Citrine Forktails

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Those of you who follow this blog regularly know that I have eclectic taste.  Basically, I’ll photograph anything containing DNA.  I believe that I can  find beauty in almost any living thing.

Recently, I took time out from photographing migratory birds to hunt for damselflies and dragonflies.  I’ve mentioned that autumn seems to be peak season for these beautiful insects.  That season is coming to an end with the arrival (finally!!) of cooler temperatures, so it’s important to photograph what’s available when it remains available.  To that end, a couple of weeks ago, I took a drive down to St. David.  It is a tiny hamlet built on the banks of the San Pedro River in the high desert about 50 miles southeast of Tucson.  The town includes a monastery and the monastery grounds contain a small pond.  That, plus proximity to the river, make it ground zero for dragonflies and damselflies.

It took me a while to adjust to the environment.  I didn’t see anything at first and I wondered whether my drive was for nought.  After I’d been slowly walking for about 30 minutes, I noticed several tiny insects flying among the blades of grass at ankle level.  I got down on my hands and knees to check out these insects and discovered to my delight that they were damselflies.  These insects were small even for damselflies, averaging about an inch in length.  Their bodies were so slender as to render them virtually invisible unless the light hit them just right.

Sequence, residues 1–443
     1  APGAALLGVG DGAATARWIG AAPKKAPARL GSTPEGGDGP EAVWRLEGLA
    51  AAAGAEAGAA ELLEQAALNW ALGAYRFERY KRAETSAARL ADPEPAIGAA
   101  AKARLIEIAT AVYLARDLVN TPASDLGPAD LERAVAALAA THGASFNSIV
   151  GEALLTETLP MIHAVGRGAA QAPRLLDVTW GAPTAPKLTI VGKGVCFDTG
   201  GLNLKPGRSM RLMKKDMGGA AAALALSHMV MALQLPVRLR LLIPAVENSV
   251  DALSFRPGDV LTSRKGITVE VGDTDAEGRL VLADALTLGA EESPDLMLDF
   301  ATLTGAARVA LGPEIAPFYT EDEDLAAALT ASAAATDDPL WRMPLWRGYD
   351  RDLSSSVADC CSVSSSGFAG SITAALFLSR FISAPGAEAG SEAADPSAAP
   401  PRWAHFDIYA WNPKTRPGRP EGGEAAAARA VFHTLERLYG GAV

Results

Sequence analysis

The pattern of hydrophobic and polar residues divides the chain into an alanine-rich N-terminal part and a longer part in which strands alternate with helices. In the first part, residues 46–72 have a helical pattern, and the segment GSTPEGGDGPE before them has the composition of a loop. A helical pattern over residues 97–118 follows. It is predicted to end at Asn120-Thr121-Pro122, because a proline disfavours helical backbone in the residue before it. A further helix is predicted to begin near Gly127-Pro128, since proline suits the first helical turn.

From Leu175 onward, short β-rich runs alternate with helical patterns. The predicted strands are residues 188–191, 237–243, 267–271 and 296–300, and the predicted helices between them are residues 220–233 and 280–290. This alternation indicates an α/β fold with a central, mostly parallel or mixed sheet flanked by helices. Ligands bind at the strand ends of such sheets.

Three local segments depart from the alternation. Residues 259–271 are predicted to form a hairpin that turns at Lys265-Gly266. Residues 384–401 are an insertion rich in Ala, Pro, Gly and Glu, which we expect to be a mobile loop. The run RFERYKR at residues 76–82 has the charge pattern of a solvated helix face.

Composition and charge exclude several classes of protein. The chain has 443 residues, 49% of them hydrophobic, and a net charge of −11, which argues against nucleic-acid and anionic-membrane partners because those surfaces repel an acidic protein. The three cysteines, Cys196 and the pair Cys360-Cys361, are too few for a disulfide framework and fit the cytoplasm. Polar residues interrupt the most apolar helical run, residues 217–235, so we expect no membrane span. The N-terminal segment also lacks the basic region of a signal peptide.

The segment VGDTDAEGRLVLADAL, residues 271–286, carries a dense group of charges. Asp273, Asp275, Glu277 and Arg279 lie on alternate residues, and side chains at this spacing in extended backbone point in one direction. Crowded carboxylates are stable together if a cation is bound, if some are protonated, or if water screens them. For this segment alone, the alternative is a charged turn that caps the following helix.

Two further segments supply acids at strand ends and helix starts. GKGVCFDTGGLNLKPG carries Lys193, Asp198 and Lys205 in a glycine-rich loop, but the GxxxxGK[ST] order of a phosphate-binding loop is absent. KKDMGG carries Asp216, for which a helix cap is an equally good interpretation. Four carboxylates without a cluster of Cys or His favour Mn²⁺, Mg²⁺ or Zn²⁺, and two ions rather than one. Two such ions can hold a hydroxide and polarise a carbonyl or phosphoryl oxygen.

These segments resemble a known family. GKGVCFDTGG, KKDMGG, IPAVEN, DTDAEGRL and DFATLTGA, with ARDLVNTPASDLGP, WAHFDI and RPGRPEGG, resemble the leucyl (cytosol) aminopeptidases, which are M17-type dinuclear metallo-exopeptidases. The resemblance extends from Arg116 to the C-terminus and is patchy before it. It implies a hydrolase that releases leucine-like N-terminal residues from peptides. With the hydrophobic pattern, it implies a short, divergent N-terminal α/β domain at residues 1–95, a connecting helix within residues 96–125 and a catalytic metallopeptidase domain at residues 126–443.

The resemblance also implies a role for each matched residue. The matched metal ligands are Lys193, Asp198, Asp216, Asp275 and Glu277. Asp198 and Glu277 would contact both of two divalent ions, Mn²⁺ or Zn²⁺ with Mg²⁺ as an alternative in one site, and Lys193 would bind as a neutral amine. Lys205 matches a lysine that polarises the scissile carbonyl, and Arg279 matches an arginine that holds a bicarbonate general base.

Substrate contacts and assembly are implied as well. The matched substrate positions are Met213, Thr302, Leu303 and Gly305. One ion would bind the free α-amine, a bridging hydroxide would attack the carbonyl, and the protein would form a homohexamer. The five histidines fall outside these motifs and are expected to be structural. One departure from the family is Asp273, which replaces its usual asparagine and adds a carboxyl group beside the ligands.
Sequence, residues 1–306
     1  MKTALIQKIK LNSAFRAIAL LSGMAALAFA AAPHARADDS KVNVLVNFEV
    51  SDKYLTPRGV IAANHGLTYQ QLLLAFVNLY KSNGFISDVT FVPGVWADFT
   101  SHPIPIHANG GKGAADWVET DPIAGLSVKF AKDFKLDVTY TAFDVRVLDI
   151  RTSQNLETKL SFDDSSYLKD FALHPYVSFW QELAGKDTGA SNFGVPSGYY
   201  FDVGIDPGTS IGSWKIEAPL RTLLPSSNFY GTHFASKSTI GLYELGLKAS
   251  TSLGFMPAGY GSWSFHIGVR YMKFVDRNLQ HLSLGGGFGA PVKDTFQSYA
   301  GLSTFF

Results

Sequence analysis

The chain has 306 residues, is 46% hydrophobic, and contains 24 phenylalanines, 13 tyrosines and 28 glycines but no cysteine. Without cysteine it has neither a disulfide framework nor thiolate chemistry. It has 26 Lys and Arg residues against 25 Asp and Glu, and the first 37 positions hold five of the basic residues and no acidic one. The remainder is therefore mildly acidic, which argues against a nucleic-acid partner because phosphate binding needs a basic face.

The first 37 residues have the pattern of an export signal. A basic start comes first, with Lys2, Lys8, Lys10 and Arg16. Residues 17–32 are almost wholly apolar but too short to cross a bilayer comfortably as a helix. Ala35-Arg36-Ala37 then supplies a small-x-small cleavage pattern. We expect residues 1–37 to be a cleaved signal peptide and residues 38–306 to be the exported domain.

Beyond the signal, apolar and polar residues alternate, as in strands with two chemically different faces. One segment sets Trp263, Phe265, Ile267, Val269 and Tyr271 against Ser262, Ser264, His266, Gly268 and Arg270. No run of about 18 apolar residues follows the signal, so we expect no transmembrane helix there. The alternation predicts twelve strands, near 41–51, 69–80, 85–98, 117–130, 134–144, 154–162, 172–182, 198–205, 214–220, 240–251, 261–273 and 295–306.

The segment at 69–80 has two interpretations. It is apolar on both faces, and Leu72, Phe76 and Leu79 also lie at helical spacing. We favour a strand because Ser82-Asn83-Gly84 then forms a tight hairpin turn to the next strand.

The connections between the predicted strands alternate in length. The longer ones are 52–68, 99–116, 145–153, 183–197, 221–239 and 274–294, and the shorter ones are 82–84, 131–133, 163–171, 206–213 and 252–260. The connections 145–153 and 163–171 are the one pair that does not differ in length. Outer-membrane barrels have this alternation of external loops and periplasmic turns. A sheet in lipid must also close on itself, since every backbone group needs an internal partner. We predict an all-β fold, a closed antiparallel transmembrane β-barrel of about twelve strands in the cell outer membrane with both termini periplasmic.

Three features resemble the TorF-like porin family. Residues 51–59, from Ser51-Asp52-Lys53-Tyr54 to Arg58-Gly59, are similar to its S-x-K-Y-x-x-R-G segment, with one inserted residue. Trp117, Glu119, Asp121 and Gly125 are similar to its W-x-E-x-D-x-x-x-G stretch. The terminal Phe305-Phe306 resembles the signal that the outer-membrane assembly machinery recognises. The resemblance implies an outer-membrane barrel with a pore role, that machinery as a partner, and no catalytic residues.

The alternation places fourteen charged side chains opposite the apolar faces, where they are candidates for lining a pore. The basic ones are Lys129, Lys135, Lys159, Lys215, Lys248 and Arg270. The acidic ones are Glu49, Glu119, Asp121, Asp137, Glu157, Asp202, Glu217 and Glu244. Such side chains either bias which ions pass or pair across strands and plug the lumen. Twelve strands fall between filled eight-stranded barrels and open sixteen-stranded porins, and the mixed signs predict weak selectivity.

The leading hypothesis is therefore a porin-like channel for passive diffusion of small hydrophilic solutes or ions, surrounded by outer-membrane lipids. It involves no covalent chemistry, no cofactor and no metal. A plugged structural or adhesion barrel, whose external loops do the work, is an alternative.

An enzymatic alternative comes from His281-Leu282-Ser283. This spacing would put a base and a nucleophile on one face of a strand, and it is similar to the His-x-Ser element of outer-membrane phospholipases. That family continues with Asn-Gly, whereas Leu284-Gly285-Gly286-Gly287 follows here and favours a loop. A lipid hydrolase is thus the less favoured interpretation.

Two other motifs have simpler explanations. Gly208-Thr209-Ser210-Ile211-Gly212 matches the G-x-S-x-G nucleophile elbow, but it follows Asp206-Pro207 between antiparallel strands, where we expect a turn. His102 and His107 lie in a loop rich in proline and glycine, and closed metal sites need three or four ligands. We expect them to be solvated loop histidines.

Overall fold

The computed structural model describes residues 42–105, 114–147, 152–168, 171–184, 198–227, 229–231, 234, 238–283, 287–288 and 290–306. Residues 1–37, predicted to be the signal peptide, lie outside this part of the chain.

These very small damselflies were Citrine Forktails.  These are truly beautiful insects, although one must get up close to appreciate just how beautiful they are.  The male is a pale lemon yellow with extraordinary jade green eyes.

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An immature individual is tangerine-colored.

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Here’s a female — pale blue in color.  What makes this picture so interesting to me is that she’s captured prey — a tiny syrphid fly — and she’s in the process of devouring it. We tend to forget that damselflies are fierce predators, albeit tiny ones.

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These images remind me just how beautiful is the wildlife in our world.  It’s worth one’s while to get down on one’s hands and knees occasionally and look closely.

Images made with a Canon 5DS-R, 180mm f3.5L Macro Lens+1.4x telextender, assisted by Canon 600EX-RT Speedlite and stabilized by monopod, M setting, ISO 160. The first two images shot at f13 @ 1/160, the third image shot at f16 @ 1/160.

 

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